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Dr. Jacquelyn Paykel
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Home>>Sexual Health>>Anatomy
Sexual Health
The clitoris gets a lot of press as the sure way to female orgasm. What many women think of as the
“button” of the clitoris, or the glans, is merely the tip of the iceberg. The part of the clitoris that is
visible to the eye is a small fraction of the whole organ. The tissue that makes up the clitoris is
actually about 3.5 inches long and contains 8000 nerve fibers that extend into the entire pelvic
region, including the vaginal walls.

The word “clitoris” comes from the Greek word kleitoris, meaning “little hill,” but as you can see, the
clitoris isn’t little at all. Connected to the glans are two long and large bulbs under the skin which
encircle the vagina and the urethra. The clitoris becomes stimulated when a woman is aroused,
either directly by stimulating the tip of the clitoris or any part of your body, or indirectly by reading a
romance novel, thinking about your lover, feeling your partner’s embrace, or even just enjoying an
intimate conversation. When aroused, blood surges into the clitoral bulbs, making the entire region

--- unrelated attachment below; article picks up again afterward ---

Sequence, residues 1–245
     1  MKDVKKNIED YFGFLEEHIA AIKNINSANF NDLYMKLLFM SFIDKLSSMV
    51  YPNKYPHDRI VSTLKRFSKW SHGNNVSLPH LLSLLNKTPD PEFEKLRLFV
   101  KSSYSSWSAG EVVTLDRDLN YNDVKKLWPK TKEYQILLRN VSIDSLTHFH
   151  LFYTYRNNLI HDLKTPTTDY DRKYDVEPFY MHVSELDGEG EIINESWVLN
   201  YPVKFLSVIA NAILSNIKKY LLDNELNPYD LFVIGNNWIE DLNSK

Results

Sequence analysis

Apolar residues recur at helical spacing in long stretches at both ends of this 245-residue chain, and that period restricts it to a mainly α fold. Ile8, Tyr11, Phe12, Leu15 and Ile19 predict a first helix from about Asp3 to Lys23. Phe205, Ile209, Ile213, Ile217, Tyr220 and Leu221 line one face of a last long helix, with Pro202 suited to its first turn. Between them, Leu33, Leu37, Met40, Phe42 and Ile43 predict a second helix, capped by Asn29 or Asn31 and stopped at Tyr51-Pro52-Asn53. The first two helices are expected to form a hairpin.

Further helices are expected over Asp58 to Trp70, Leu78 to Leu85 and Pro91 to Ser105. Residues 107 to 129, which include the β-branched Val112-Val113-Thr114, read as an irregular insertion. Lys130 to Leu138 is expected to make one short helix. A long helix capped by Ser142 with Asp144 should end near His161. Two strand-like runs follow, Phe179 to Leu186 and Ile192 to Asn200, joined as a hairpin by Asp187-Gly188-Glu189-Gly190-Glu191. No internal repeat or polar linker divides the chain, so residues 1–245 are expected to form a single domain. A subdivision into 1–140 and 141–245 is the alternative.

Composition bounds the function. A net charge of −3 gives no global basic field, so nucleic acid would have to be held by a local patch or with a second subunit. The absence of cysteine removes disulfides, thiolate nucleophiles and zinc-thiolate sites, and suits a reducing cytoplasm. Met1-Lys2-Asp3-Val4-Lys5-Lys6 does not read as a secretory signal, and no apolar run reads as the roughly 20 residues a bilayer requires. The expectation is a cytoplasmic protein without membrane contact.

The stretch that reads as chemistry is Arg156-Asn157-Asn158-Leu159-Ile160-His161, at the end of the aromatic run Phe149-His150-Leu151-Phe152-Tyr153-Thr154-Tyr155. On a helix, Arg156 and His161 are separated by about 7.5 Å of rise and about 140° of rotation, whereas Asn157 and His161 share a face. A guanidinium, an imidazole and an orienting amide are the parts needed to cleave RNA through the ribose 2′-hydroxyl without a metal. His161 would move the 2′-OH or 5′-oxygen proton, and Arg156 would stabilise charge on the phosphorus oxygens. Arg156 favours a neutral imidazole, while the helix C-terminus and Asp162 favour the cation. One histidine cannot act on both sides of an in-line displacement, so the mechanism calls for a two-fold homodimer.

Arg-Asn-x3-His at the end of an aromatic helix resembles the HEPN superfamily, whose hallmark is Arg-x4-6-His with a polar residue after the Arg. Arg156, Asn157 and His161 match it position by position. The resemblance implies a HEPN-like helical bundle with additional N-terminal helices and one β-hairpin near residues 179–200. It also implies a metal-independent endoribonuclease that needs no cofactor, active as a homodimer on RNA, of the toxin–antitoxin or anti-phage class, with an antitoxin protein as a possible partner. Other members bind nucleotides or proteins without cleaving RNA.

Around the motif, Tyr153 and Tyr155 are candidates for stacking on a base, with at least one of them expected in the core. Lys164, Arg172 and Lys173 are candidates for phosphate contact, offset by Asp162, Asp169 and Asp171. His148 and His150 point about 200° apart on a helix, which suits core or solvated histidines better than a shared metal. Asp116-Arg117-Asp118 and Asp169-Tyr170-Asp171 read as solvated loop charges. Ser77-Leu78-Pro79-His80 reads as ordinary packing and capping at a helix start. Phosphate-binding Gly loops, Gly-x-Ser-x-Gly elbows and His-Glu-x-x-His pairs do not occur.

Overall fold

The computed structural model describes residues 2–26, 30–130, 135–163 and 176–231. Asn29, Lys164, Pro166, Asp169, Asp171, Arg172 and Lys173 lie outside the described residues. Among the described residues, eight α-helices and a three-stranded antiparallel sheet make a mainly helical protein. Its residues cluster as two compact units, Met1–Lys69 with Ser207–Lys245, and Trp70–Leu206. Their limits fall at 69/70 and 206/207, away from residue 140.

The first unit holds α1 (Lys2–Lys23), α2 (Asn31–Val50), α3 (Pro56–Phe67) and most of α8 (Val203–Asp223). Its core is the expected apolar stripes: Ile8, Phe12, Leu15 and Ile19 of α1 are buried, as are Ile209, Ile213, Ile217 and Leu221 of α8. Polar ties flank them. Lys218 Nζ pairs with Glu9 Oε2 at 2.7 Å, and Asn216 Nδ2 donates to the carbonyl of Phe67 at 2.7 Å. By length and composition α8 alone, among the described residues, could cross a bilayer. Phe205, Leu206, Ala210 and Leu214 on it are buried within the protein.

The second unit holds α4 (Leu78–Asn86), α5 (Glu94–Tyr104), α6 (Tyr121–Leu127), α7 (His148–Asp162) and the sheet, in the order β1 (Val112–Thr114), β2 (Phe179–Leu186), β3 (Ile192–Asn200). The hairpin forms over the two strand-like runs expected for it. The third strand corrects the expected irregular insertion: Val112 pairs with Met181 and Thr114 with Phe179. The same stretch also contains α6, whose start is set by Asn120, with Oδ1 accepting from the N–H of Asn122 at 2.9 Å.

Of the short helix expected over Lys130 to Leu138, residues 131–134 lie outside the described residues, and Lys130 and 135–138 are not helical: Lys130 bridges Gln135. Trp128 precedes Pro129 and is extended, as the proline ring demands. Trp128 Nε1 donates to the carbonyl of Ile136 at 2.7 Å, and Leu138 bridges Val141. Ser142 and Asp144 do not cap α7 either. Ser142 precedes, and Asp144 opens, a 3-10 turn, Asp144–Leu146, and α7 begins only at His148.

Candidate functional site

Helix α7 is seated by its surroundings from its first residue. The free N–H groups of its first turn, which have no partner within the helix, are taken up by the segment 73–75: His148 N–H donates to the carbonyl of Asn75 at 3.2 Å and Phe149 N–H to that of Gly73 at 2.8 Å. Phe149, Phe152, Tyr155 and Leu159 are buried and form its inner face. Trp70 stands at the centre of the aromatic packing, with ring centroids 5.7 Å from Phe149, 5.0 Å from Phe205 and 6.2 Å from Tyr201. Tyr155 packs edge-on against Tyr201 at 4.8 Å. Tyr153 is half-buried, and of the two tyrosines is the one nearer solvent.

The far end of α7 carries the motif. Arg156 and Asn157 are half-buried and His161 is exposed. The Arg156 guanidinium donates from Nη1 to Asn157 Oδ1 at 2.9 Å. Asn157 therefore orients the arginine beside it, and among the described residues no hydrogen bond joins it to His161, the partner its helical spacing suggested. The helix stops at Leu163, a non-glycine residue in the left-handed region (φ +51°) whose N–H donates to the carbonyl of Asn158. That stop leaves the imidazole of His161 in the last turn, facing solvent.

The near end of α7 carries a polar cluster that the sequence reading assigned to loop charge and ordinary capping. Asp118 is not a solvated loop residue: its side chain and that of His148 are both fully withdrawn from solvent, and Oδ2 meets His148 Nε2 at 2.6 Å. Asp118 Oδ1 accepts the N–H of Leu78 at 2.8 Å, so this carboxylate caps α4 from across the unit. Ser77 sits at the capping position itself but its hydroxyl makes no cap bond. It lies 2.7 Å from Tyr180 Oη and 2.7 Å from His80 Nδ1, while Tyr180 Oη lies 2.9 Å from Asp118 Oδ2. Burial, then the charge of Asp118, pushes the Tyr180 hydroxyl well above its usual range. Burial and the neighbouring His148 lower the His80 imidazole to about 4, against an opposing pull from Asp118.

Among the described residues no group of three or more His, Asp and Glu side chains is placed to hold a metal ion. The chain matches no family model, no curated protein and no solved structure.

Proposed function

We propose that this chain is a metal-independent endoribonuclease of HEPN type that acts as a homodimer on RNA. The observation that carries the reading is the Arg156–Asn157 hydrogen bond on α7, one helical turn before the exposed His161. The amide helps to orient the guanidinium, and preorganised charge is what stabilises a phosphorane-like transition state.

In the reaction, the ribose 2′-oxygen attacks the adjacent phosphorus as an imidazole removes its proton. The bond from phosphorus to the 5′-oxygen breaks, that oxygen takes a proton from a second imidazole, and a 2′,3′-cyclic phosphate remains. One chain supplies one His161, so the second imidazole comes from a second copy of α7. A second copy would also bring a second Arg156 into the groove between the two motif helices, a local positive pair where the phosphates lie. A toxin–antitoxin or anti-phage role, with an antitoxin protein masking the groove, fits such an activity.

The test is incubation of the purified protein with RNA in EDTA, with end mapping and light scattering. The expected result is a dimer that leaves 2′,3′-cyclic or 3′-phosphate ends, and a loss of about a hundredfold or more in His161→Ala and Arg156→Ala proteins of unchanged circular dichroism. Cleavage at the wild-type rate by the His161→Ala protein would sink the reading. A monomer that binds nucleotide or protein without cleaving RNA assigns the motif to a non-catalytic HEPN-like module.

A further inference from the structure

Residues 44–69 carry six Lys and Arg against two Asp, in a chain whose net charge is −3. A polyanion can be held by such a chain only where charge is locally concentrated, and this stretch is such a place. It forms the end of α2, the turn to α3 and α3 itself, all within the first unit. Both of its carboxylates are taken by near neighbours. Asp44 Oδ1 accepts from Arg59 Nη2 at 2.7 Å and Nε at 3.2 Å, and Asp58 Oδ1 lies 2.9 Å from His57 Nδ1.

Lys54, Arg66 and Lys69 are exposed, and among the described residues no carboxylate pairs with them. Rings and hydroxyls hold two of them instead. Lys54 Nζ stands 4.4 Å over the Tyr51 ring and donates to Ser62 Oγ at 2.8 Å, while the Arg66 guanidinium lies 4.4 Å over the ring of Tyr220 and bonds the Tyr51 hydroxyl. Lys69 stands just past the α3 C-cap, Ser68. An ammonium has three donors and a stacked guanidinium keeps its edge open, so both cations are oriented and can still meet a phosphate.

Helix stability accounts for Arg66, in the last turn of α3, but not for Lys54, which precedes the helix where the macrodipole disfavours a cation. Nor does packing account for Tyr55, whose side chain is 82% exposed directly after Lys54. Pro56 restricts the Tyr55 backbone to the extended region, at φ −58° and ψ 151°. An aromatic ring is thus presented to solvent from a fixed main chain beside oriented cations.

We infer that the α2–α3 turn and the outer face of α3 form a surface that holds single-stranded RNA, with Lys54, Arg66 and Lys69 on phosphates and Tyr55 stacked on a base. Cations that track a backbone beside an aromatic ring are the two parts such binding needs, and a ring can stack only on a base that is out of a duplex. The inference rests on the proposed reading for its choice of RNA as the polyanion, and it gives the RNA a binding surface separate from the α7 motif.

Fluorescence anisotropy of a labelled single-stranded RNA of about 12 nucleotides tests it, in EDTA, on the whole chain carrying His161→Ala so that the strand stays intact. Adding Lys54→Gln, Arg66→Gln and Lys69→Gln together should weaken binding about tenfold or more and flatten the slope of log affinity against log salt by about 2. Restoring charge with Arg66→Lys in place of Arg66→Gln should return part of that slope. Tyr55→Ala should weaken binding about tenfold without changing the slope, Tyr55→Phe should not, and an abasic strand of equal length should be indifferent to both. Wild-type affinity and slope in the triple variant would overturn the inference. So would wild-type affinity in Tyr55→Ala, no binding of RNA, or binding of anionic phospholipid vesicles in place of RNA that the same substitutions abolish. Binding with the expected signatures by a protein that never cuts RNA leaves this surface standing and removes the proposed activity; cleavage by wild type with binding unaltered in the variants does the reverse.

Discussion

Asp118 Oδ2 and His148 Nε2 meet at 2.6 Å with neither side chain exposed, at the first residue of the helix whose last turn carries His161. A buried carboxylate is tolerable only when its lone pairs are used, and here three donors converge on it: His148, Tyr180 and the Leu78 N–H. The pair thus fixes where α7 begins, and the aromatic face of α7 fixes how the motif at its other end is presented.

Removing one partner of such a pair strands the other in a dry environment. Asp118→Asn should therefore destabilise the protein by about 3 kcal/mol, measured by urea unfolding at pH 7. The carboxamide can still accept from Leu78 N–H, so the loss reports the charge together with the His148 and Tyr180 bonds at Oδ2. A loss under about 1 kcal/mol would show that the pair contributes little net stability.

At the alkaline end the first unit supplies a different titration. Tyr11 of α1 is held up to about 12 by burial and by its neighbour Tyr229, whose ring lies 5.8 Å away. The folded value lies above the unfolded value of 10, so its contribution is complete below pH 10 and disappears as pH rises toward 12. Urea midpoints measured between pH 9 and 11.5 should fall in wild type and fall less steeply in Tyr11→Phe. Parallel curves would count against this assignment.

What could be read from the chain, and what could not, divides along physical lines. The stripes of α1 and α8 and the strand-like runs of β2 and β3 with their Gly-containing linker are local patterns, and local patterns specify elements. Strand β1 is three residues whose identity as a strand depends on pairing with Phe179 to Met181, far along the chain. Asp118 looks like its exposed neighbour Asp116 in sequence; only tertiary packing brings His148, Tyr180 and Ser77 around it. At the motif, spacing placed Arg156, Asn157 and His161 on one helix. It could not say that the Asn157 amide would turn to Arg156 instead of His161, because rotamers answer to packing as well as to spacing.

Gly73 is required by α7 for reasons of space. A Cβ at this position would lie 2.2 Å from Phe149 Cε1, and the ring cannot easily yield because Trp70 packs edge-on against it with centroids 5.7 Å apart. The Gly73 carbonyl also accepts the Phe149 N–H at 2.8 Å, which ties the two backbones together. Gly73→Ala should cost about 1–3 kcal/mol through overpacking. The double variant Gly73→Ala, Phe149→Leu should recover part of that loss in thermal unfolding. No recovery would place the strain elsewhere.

around the vagina responsive to sexual pleasure.

Until recently, the only way that scientists were able to see the clitoris was by examining dead
clitoral tissue. Using MRI technology, noted Australian urologist Dr. Helen O’Connell has been able
to study the clitoris. Her findings reveal that clitoral tissue swells and responds to sexual pleasure
when a woman is aroused — more than was previously believed. Because of these findings, Dr. O’
Connell relates the roots of the clitoris, and the erectile tissue of the clitoral bulbs, with the urethra
and vagina. In other words, she says, “The vaginal wall is, in fact, the clitoris.” Simply stated,
stimulating the clitoris increases the sensitivity of the vaginal walls, and stimulating the vaginal
walls arouses the clitoris.